December 2, 2005 PRINT Bookmark and Share

No. 1 With a Bullet

Wisconsin Riding High After Showcase Sweep

by Adam Wodon/Managing Editor

Wisconsin is coming off a weekend in which it won two huge road games at the College Hockey Showcase, but there's no rest for the newly-anointed No. 1 team in the nation.

The Badgers now head to the friendly confines of Mariucci Arena, a place they haven't won in the Mike Eaves era (0-6). Overall, they've lost 10 straight three.

"I didn't even know until someone told me," said Eaves, taking the usual "it's just another game" coach approach. "We're just going to play Friday night."

Minnesota, of course, has one of the most purely talented rosters ever assembled in college hockey. But, having played CC, Michigan and North Dakota this season, it's not like the Badgers aren't pretty used to it.

"We thought North Dakota was as talented a team as we've seen," Eaves said.

Of course, there's no denying the Badgers are rolling, unbeaten in the last 12 and off to the best WCHA start in the program's history, and with that brings higher pressures.

"We're kind of riding a wave right now," said Eaves. "Want to ride wave for as long as we can. ... The older guys on the team have done a nice job at keeping everyone else focused."

One of those older guys in captain Adam Burish, coming off a weekend where he had both game winners.

"He's a young man who's grown into being a really good player, but also a fine leader," Eaves said. "He leads by example in his work ethic, but also has the wherewithal with his personality to pull a guy under his wing. He's pretty comfortable with standing up and saying things.

"It's a credit to his mom and dad. They raised a young man that's been in that environment his whole life."

Another leader, both in scoring and in "the room" has been junior Robbie Earl, a player with tremendous potential, that has always been in need of harnessing. But recently, Earl was sat a game by Eaves for being late to a team meeting, which sent up red flags. But Eaves said it's not a lingering matter.

"We as a staff are very proud of Robbie. Unfortunately, that incident happened," Eaves said. "But, this year, he's stepped up his work ethic, he's stepped up wanting to be a leader. He wanted to room with a freshman (Ben Street). He's one of the guys on the bench and in the locker room more comfortable with stepping up himself.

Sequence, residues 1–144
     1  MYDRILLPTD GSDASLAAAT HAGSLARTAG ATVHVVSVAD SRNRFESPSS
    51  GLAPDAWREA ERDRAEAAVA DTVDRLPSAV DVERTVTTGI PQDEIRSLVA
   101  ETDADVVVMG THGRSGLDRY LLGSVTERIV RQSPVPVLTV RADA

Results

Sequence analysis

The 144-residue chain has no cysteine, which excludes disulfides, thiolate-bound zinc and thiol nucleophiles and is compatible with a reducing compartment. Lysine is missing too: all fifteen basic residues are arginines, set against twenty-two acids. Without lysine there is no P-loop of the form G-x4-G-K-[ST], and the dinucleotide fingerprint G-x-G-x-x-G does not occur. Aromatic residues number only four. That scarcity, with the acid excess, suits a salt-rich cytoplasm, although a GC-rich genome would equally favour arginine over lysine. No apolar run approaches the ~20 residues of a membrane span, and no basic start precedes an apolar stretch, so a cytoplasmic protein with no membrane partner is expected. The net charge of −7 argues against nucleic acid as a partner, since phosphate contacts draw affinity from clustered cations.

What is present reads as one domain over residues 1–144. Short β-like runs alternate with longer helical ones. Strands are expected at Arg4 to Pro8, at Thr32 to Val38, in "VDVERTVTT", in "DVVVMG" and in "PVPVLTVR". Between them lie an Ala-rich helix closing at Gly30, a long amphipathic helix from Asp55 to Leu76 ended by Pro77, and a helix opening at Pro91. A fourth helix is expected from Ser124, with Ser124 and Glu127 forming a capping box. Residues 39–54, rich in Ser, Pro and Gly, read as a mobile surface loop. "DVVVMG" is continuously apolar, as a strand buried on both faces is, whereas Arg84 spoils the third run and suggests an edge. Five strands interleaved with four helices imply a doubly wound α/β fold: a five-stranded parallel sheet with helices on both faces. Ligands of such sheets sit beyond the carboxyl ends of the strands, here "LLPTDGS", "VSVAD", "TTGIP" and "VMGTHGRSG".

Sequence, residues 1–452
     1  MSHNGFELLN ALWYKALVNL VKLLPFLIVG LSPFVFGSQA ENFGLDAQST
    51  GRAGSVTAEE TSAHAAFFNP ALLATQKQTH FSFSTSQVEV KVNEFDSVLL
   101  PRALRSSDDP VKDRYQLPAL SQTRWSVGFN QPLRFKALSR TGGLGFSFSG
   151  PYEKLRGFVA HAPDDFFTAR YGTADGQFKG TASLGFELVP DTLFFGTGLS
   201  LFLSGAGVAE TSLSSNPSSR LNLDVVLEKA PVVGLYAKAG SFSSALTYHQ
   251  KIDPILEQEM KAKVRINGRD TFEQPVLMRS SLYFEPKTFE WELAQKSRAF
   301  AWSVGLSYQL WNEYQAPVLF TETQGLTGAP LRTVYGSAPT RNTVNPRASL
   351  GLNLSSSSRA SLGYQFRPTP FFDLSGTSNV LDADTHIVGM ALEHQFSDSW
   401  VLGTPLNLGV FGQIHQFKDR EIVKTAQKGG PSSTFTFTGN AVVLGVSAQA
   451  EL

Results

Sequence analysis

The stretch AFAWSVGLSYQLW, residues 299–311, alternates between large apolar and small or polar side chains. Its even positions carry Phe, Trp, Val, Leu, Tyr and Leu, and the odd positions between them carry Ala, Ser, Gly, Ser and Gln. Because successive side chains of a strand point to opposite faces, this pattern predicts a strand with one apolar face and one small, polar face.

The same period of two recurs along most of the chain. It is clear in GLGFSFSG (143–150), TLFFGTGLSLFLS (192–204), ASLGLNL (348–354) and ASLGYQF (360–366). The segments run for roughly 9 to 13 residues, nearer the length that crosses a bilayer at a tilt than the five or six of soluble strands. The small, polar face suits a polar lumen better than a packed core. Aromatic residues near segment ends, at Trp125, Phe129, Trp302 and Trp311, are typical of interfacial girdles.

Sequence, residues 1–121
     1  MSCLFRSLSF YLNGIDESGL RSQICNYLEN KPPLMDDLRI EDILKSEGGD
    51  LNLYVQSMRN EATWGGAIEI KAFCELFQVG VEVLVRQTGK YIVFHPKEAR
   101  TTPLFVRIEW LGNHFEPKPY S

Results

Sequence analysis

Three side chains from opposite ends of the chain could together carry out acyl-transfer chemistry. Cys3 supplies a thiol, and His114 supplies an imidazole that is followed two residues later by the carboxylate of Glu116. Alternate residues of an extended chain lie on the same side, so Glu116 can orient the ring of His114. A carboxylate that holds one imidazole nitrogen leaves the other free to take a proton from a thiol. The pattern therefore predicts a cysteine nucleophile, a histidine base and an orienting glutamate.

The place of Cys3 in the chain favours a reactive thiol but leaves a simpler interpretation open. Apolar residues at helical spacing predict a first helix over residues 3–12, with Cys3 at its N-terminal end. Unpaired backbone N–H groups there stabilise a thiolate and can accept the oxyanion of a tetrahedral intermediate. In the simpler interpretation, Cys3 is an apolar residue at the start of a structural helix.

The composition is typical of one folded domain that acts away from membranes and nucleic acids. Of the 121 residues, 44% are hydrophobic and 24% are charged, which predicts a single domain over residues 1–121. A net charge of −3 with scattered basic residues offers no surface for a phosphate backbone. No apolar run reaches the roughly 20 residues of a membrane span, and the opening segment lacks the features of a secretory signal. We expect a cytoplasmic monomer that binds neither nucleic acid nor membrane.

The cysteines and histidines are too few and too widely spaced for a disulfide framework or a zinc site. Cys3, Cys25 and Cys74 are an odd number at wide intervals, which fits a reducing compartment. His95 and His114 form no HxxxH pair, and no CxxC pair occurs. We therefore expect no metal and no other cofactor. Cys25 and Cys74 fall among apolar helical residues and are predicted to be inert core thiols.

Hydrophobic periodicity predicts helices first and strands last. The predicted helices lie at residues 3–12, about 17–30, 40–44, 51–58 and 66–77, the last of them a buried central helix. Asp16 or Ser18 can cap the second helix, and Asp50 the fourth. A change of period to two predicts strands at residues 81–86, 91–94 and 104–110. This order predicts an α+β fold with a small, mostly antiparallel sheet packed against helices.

"At practice, his work ethic is higher. His growth has been tremendous.

"It was a little bit of lack of details. And (consequently) a little bit of tough love. As a parent, you have to follow through sometimes. You think we wanted him to sit? No. But you have to be detailed."

Eaves has the reputation of being a tough taskmaster, but it's not a label he denies.

"When you're a good parent, you have to do tough things," he said. "When you're a good coach, you have to discipline. You have to hold people accountable. It's going to happen at the next level of hockey. We're just teaching them life through the game of hockey. If I hadn't done what I did to Robbie, I'd be doing him a disservice. He handled it like a man."

Contributions are coming from all over. And while Wisconsin is finally a "veteran" team, they are getting it from freshmen like Street, and highly-touted Jack Skille. Skille's scoring numbers aren't extravagant — yet — but they don't have to be.

"He has contributed — with goals, skating, size," said Eaves. "He's learning every day too. He's a big, strong guy that can skate."

An overriding theme for Wisconsin has been balance. They have gifted players up front, who play two ways. They have defensemen who can handle the puck, and pay great attention to their zone. And goalkeeper Brian Elliott has continued the tradition in Madison.

The Badgers were stifled a bit by Michigan State last Friday, with the trapping it does, something that Minnesota also complained about on Saturday. But unlike the Gophers, who could only get a frustrating tie, Wisconsin was able to overcome it. And that's the difference right now.

Wisconsin is attentive to detail, but is not as defensive-minded.

"We go after people. We want to use our energy. That's the way kids want to play," Eaves said. "There's a way of playing with the puck so it gives you good posture, offense to defense."

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